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Imperial Gazetteer of India, v. 11, p. 212.

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bound up with the two great epics of the R&ir~. '~-
arad D bharata. Hither came Rama -arid' his' brother, to do
once for tht;, death of the demon-king, Ravuna; and here. sojourned
~S ve l a brethren on their way to the inner ..recesses of the
e, *~ erd they finally immolated themselves upon the sacred
Qanth. ; Another, memorable legend :connects, the origin
-af the little. river 5uswa with the, prayers of 6o,ooo pigmy kahmans,
'Whom Indra, the rain-god, had laughed to scorn when he saw ,them:
-vaiply endeavouring to cross the vast lake formed. by a cow's footprint
filled with-water. The indignant pigmies set to work, by means ,of
,penance and mortifications, to create a second- Indra who should super-
sede the reigning_ god; and when their sweat had collected into -the
existing river, the irreverent deity, alarmed at the surprising effect of
their devotions, appeased their wrath through the good offices of
Brahma. Traditions of a snake, Bamun, who became lord of the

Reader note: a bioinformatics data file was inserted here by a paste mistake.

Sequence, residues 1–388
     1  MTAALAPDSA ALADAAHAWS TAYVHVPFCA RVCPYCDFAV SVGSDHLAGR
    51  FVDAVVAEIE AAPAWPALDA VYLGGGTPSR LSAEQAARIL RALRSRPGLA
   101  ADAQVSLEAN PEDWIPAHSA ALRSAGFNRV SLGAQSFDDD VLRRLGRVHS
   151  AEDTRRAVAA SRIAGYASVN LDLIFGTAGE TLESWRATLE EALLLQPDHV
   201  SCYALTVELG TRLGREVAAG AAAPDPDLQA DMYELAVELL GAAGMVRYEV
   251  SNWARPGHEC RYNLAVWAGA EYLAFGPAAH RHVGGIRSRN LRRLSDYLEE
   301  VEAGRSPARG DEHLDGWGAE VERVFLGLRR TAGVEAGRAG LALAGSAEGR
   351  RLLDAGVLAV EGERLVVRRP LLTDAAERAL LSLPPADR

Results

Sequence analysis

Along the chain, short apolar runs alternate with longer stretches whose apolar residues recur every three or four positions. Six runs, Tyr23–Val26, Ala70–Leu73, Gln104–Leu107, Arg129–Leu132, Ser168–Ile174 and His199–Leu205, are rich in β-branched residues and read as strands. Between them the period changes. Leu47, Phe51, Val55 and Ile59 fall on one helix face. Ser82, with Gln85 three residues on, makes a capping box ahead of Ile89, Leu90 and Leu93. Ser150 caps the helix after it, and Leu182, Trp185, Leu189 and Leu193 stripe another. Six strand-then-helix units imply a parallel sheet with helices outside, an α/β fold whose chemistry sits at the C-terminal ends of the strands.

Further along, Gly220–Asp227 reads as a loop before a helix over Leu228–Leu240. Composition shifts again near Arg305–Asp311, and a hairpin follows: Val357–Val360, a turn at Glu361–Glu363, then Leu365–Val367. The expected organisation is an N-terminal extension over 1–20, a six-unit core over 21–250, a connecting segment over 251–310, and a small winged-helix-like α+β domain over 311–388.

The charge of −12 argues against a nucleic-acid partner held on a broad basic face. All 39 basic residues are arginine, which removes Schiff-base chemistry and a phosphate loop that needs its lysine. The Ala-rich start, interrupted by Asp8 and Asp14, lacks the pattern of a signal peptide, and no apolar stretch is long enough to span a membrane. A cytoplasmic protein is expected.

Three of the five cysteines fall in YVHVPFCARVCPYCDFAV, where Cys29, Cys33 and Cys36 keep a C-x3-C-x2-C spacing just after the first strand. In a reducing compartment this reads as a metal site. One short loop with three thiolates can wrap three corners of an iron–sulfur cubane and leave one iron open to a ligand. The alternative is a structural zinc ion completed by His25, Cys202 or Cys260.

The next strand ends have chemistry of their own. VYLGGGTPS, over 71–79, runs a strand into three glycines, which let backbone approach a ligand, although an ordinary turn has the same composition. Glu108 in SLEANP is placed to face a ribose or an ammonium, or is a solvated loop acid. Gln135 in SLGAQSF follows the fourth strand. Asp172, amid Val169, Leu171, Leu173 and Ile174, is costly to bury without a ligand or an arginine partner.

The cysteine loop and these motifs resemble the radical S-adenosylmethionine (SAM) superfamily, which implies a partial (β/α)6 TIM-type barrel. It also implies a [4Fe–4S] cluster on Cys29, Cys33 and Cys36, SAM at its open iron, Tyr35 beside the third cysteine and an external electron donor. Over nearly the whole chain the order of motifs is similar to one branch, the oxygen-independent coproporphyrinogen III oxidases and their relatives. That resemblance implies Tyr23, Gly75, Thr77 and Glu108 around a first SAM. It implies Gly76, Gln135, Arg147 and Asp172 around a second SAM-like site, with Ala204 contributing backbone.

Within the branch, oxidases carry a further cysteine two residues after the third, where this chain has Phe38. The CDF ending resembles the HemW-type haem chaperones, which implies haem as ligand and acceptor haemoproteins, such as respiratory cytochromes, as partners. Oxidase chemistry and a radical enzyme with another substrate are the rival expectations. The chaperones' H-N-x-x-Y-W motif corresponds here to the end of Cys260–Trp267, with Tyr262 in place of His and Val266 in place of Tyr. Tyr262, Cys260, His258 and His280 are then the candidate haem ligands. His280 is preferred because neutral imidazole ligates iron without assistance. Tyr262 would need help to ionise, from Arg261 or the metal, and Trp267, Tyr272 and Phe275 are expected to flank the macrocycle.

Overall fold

Dun on the summit of the Nagsidh Hill, seem to point towards a period
of : Naga supremacy. The famous Kalsi stone, near Haripur, on the
:fight. bank of the Jumna, inscribed with an edict of the Buddhist
emperor Asoka, may mark the ancient frontier of Northern India.
It consists -of -a large quartz boulder, standing on a ledge which over-
hangs the river, and is covered with the figure of an elephant; besides
an inscription in the ordinary characters of the period. Hiuen Tsiang .
does not mention any cities which can be identified as lying within the
present District; and tradition asserts that it remained without inhabi-
tants until the eleventh century, when a passing caravan of Banjaras,
struck with the beauty of the country, permanently settled on the spot.
Authentic history, however, knows nothing of Dehra Dun till the
seventeenth century, when it formed a portion of the Garhwal kingdom.
The town of Dehra owes its- origin to the heretical Sikh Guru, Ram
Rai, a. Hindu anti-pope, who was driven from the Punjab and the
Sikh apostolate by doubts as to the legitimacy of his birth, and obtained
recommendations from the emperor Aurangzeb to the. Raja of Garhwal,
Fateh Sah. His presence in the Dawn shortly attracted numerous devo-
tees,and the village of Gurudwara or Debra grew up around his abode.
The Raja endowed, his temple, a curious building of Muhammadan
architecture, with the revenue of three estates. The Guru possessed
the miraculous power of dying at will, and returning to life after a
concerted interval; but on one occasion, having mistaken his reckon-
ing, he did not revive. The bed on which he died still forms an object
of reverence to the devout worshippers at his cenotaph. Monuments
of earlier-date, erected by one Ran! Karnavati, still exist at Nawada.
Fateh Sah died soon after the arrival of Ram Rai, and was succeeded
(x699) by his infant grands6n,`PratAp Sah, whose reign extended over
the greater part of a century.. But the flourishing condition of his
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